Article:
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Bill Shaikin / on baseball

And Look Who's Left

The Dodgers now have no other choice than to sign Ramirez. But then,

February 12, 2009|Bill Shaikin

The Dodgers waste no opportunity to promote Tom Lasorda, and vice versa. So Lasorda will board a tour bus this morning at Dodger Stadium, entertaining reporters and sponsors on a six-hour ride to the team's new spring home in Glendale, Ariz.

Here's a better idea: Kick the reporters and sponsors off the bus. Put Frank McCourt and Ned Colletti on it. Head south to Newport Beach and pick up Scott Boras. Then head east, across the desert, toward Arizona.

No one crosses the state line until the Dodgers sign Manny Ramirez.

On Friday, Joe Torre holds his first news conference of spring training. Get the Ramirez deal done, and Torre can actually talk about the Dodgers, rather than his book about the New York Yankees, and about their steroid-enhanced third baseman, the one Torre lovingly identified as "A-Fraud."

Ramirez stands alone among available sluggers now. Adam Dunn and Bobby Abreu are off the market, Dunn gone to the Washington Nationals and Abreu to the Angels, two signings greeted with a shrug at Chavez Ravine.

"I don't expect them to impact us," Dodgers General Manager Ned Colletti said.

It's Manny or nothing for the Dodgers. They never said anything different. There appears to be Manny money in the budget, reserved for him, not intended to be spent otherwise.

Boras, the agent for Ramirez, in his own way agrees that it's Manny or nothing for the Dodgers.

"Dunn and Abreu are fine players, but Manny Ramirez is a Hall of Fame player, the best right-handed hitter in baseball," Boras said. "The performance the Dodgers received last year was not available on the market other than by signing Manny Ramirez."

The Dodgers don't need to be sold on that. Boras doesn't need to be reminded that the San Francisco Giants don't intend to outbid the Dodgers for Ramirez.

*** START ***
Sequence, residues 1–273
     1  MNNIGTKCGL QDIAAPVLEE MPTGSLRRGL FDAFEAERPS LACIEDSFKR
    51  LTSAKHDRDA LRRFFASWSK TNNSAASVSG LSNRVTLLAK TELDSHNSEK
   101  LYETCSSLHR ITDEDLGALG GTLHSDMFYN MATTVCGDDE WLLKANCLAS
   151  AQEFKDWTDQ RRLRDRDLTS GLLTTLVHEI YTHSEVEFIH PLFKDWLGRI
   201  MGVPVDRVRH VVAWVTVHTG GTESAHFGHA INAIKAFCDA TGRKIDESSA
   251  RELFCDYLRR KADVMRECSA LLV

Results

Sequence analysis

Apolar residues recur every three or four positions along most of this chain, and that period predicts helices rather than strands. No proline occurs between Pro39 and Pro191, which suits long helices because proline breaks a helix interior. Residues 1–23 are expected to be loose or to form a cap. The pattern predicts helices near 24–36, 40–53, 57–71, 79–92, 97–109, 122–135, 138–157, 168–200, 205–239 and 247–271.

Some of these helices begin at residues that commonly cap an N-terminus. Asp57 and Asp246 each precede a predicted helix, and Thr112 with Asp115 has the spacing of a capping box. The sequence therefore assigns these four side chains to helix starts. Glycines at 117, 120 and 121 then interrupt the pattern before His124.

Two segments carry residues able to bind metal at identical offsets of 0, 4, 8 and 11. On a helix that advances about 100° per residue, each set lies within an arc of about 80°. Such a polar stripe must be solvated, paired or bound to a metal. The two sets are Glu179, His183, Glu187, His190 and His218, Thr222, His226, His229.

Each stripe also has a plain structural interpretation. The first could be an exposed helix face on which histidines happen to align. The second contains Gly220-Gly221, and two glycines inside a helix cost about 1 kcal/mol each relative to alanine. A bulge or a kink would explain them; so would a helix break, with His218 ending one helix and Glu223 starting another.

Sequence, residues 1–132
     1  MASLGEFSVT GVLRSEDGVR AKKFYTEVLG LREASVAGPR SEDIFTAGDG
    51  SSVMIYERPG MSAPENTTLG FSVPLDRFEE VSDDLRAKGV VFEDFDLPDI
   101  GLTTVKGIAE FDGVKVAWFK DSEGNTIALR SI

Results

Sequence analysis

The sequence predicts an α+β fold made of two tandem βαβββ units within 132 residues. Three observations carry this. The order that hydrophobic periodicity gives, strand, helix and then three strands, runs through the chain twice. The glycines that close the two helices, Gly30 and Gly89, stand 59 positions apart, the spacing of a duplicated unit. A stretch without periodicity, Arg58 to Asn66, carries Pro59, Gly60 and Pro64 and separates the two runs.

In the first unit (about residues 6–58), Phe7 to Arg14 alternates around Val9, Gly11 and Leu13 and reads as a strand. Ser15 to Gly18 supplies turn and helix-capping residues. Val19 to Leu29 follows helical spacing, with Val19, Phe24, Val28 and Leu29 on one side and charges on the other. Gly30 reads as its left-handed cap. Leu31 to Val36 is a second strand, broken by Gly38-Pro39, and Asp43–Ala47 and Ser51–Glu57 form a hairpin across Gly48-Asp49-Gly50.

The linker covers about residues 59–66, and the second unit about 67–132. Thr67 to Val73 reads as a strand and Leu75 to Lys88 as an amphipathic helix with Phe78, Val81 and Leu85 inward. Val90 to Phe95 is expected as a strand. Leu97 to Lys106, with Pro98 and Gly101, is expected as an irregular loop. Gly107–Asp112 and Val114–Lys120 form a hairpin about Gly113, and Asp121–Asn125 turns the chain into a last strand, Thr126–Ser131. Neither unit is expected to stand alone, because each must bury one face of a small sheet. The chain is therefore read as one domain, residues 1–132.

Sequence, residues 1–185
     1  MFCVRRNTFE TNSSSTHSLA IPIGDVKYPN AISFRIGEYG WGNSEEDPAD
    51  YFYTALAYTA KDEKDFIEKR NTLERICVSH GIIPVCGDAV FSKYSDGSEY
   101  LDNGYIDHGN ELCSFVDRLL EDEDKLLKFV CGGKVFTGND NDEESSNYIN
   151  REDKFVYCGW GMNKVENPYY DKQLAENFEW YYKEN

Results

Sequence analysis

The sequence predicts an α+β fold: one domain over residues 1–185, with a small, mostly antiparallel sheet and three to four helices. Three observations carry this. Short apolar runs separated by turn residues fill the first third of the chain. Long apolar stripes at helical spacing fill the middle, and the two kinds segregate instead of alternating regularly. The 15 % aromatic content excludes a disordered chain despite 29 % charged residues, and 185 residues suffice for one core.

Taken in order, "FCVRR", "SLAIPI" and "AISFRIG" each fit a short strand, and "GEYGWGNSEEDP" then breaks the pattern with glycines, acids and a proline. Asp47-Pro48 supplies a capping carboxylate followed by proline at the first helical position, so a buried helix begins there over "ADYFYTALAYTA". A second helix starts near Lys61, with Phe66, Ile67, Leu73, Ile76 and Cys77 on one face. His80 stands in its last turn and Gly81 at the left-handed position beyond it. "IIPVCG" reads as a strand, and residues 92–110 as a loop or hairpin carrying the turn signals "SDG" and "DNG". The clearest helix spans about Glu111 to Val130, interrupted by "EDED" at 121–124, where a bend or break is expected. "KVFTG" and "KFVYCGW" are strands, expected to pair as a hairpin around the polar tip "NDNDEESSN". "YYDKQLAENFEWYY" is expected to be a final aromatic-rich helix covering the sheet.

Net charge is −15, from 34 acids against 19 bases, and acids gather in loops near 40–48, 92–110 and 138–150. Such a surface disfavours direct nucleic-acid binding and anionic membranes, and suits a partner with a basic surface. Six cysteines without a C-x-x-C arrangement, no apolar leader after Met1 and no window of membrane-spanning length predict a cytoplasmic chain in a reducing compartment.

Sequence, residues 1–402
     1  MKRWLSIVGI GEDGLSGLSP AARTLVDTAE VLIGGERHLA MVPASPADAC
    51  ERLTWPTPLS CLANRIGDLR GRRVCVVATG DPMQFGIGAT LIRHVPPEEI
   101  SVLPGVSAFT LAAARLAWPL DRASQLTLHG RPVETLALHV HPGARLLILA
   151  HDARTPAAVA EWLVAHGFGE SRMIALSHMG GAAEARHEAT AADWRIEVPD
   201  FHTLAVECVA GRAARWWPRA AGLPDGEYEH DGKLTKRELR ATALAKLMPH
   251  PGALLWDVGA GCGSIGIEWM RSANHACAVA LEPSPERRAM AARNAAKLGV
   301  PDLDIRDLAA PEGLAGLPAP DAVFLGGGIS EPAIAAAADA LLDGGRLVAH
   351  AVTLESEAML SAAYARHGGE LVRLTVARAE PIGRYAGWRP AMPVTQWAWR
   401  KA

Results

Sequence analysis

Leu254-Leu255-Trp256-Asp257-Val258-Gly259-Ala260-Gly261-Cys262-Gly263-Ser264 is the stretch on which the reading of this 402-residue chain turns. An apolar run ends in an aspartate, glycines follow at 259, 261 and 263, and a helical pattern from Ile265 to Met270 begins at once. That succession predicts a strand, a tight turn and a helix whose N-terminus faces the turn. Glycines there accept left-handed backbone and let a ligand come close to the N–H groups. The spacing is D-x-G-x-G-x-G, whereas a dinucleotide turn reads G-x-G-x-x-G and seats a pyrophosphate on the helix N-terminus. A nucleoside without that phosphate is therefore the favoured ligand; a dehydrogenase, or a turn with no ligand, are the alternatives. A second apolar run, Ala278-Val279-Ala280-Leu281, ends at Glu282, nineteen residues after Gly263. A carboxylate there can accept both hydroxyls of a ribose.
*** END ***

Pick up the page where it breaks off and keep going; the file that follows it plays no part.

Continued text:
Boras said the other day that he was negotiating with "several" teams for Ramirez. We asked him whether "several" could be defined as "more than two."

He chuckled.

"Two or more," he said.

Orlando Hudson? He called the Dodgers, not the other way around.

Hudson is an excellent second baseman, the kind of clubhouse leader McCourt and Colletti love. He would give the Dodgers the option to return Blake DeWitt to triple-A, or to move DeWitt to third base and Casey Blake to left field.

But it's all about Manny, and both sides know it.

The Dodgers brilliantly calculated the market for Ramirez. They made their point. Put the two-year offer back on the table, and stand by your promise to make him the second-highest paid player in baseball.

Boras got Ramirez out of Boston, and to a place where he could start to rebuild his reputation. He made his point. Don't encourage Ramirez to hold out beyond the start of spring training, which would raise anew all those nagging questions about his dedication.

Colletti said he had "nothing new" to report beyond "continuing conversations with Scott."

Boras said he had talked to Colletti last week and would "continue to talk."

Never mind "continuing" and "continue." End the conversations. End the madness.

The Angels, remember, signed Torii Hunter at Del Taco in Corona.

That Dodgers tour bus is scheduled to stop for lunch today at Carl's Jr. in Palm Desert. We'll take a Six Dollar burger to go, and a $46 million left fielder.

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bill.shaikin@latimes.com

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